Panel sees a future for horse center

Better management could turn a profit, study concludes

`Unanimous' report

Struggling facility called underused, lost $1.5 million since '86

April 26, 2000|By Erika Niedowski | Erika Niedowski,SUN STAFF

A team of equestrian experts conducting an independent study of Columbia Horse Center believes that the beleaguered facility could be profitable if better managed and is expected to recommend that it remain open.

Malcolm Commer Jr., an equine and livestock economist for the University of Maryland Cooperative Extension, said the eight-member panel will recommend that the facility -- which has lost about $1.5 million since 1986 -- continue operating under the management of the Columbia Association or a private lessee.

"The group that we put together, it was unanimous that if it was managed correctly in private hands that it would be a moneymaking operation," he said.

Commer, who will compile a report of the panel's findings for the Columbia Council, said the Columbia Association could operate the facility at a profit as well.

"We do think that there are some options that will enhance the degree of use of the facility and certainly decrease the amount of money that is being put into it," he said.

A prior lease arrangement was not successful, and the Columbia Association has seemed hesitant to enter into another one.

The horse center, which is used by fewer than 1 percent of Columbia's 87,000 residents, has come under scrutiny during the past year because of financial losses and limited use.

Columbia Association officials devised a long-range plan last year under which the facility was to break even in fiscal 2006, but the center fell well behind those projections months after they were made.

The operational review is one element of a two-part study the council commissioned in February after a staff shake-up and debate over whether to keep the facility open.

The study, which could cost up to $25,000, will include a determination of the facility's selling price and whether selling it is feasible. More than $100,000 in capital funds for the fiscal year that begins Monday have been frozen pending the outcome.

Commer said the most profitable option likely would be to close the center, raze the buildings and sell the 88-acre property. But he cautioned:

"That's not necessarily the best thing to do. Being an economist I try to look at all the options, and that is one of them. I will say, it's not the one I'm going to recommend."

Among the panel's suggestions, he said, will be to increase involvement of youth and groups for the elderly, and offer off-site trail rides and other activities for advanced riders.

"I don't think there were any glaring problems" operationally, Commer said. "It was a lot of little things -- attention to details -- and quite a bit of it was in the marketing or the presentation of the entertainment and activity itself.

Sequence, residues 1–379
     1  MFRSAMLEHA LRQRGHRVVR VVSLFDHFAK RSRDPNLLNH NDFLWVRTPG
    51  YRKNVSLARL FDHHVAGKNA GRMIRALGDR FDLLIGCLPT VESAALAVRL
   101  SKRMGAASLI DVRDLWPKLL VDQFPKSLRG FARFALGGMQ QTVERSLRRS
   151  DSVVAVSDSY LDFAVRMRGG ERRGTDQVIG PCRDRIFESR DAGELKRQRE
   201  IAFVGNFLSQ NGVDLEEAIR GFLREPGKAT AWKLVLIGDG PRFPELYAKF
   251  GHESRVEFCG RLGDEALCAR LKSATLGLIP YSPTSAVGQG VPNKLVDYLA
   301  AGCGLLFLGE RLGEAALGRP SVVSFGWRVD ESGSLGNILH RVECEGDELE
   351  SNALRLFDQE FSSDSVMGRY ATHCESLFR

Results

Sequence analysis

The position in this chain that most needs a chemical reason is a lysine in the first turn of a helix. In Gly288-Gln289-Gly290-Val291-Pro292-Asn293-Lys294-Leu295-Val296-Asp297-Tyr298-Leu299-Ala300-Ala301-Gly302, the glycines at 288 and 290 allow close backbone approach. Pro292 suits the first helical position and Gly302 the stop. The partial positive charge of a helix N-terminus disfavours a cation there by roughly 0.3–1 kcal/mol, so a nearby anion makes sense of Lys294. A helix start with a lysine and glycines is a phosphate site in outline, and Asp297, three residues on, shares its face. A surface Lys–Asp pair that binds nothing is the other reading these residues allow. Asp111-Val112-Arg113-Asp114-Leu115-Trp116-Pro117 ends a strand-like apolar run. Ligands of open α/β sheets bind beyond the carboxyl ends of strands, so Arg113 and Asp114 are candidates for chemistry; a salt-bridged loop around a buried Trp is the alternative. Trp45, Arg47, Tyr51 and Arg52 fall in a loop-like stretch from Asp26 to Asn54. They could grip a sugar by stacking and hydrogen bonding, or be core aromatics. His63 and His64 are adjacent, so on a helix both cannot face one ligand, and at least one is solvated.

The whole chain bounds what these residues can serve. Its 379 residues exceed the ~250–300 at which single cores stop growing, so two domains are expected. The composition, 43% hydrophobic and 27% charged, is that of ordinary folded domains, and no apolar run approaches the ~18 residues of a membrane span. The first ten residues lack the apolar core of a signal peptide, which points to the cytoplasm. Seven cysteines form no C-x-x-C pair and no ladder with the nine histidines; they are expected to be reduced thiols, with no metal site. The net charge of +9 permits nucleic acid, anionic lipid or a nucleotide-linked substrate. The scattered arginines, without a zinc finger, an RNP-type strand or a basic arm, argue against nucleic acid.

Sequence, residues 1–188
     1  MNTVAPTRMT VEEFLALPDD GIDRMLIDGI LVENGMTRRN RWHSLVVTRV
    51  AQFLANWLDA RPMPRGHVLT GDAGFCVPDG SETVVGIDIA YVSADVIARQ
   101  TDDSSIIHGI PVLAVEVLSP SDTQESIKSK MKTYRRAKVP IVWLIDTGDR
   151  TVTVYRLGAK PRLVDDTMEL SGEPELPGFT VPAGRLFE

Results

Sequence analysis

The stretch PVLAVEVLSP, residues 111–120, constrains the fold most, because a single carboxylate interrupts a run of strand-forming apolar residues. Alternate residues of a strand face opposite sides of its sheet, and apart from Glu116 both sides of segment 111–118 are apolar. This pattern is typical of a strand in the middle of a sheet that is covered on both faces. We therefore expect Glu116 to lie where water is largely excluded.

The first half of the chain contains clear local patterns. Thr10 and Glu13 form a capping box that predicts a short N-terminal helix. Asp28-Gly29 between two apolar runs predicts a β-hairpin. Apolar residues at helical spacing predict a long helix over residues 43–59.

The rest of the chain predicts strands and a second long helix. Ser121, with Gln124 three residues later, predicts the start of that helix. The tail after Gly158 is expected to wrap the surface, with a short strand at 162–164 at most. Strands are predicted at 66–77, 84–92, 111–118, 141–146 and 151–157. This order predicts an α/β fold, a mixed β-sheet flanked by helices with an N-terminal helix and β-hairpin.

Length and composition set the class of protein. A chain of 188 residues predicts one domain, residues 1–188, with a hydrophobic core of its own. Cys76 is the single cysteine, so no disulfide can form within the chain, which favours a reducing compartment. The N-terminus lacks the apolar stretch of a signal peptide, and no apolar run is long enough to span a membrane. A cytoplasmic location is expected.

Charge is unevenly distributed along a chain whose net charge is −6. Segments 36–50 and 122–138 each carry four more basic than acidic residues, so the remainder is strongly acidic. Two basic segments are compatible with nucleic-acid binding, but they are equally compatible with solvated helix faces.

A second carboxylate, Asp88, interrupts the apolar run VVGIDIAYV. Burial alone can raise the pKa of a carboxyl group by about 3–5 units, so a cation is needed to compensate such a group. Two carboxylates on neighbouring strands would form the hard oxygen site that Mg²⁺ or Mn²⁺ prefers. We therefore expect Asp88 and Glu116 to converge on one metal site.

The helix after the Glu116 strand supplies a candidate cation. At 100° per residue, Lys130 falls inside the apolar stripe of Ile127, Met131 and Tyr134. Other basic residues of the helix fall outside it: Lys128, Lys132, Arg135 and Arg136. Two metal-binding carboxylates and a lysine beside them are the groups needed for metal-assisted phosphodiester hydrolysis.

"In other words, if it was being promoted, it was being promoted to a very limited clientele group."

Commer said the facility's general manager, a position being filled temporarily by Bob Bellamy, director of operations for Columbia Association's sport and fitness division, doesn't need to have an equestrian background.

"I'm not convinced -- and nor was the committee -- that the main general manager needs to be a `horse person' per se," he said. "All you've got to do is have a people person who can communicate both with the horse people and the general public."

The panel, which includes equestrian center operators and horse trainers from neighboring jurisdictions, spent a day at the Columbia facility last month reviewing everything from manure disposal to marketing methods.

"It's been very helpful," said Rob Goldman, CA's vice president for sport and fitness. "It's probably long overdue."

In addition to Commer, the panel includes Crystal Brumme, publisher of the Equiery and secretary of the Maryland Horse Council; Paul Novograd, owner of Potomac Horse Center in Gaithersburg; Jane Seigler, owner of Reddemeade Stables in Silver Spring; Chrissy Keys Cockburn, owner of Oatland Stables in Olney.

Also, Ed Lane, a horse trainer who owns Tartan Farms in Poolesville; Streett Moore, an instructor and trainer at McDonogh School in Owings Mills; and John Dascanio, a University of Maryland-Virginia Regional School of Veterinary Medicine professor.

Some of the consultants donated their time; others were paid one-day stipends. Bellamy said the total cost was about $4,200.

Commer said he expects the report to be presented to the council in June.

A legal opinion from CA's outside counsel on the details of selling the horse center is expected in the next several weeks, Goldman said.

Baltimore Sun Articles
Please note the green-lined linked article text has been applied commercially without any involvement from our newsroom editors, reporters or any other editorial staff.